LinkedIn wants to overtake Twitter and Facebook as executives' social news service of choice. On Monday the business-orientated social network added to its news arsenal, acquiring people-centric news aggregator Newsle to bolster its burgeoning media business.
A LinkedIn spokesman declined to comment on financial terms of the deal He confirmed that the company will combine Newsle's technology with LinkedIn's own products and services, but declined to elaborate.
LinkedIn plans to continue to allow people to connect their Facebook accounts with Newsle.
The deal comes 15 months after LinkedIn bought Flipboard rival Pulse for $90 million, and stands to supplement that acquisition and strengthen LinkedIn's own news feed.
Newsle crawls a person's list of LinkedIn, Facebook and email contacts and surfaces articles mentioning those people. The three-year-old service claims two million users.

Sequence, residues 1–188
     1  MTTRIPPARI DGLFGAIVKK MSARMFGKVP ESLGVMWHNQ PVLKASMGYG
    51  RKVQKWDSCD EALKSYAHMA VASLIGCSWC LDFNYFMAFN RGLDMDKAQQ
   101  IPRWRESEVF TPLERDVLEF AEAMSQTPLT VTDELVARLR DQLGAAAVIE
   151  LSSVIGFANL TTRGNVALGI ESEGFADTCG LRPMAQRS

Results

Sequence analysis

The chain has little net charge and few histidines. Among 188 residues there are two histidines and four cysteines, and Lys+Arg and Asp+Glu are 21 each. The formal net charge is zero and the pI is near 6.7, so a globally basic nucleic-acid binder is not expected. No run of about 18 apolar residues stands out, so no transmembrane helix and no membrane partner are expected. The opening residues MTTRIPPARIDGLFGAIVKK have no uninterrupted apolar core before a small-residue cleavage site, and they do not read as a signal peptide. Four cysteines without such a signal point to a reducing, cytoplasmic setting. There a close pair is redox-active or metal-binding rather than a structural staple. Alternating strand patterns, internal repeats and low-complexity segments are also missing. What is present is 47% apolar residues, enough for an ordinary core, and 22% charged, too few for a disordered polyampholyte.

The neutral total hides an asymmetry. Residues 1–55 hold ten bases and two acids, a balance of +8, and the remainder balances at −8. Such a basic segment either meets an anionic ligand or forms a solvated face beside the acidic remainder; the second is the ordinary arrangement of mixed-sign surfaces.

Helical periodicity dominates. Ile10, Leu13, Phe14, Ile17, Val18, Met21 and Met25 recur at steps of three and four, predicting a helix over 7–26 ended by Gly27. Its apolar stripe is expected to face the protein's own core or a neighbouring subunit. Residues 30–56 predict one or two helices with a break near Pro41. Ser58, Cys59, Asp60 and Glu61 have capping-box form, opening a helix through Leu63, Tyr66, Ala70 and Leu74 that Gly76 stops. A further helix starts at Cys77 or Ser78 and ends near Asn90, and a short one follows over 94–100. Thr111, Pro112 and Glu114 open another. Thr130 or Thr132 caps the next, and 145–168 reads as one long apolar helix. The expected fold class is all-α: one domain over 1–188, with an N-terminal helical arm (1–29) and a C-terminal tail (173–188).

"LinkedIn and Newsle share a common goal: We both want to provide professional insights that make you better at what you do," LinkedIn's head of content products Ryan Roslansky wrote in a company blog post announcing the acquisition. "For example, knowing more about the people in your network -- like when they're mentioned in the news -- can surface relevant insights that help you hit your next meeting with them out of the park."
Mr. Roslansky didn't specify how LinkedIn will tie Newsle into the social network's products, but there are a couple obvious possibilities. Newsle could bolster LinkedIn's news feed by adding articles about connections to existing content such as those connections' status updates or job changes. It could do the same for Pulse.
LinkedIn said Newsle will remain a standalone service for now.
Newsle co-founders Axel Hansen and Jonah Varon will report to separate former Pulse execs who now work on LinkedIn's content business. Mr. Hansen will report to Engineering Manager Greg Bayer, who oversees content distribution and held a similar post at Pulse. And Mr. Varon will report to Senior Product Manager Akshay Kothari, who had co-founded Pulse and now works on content products at LinkedIn.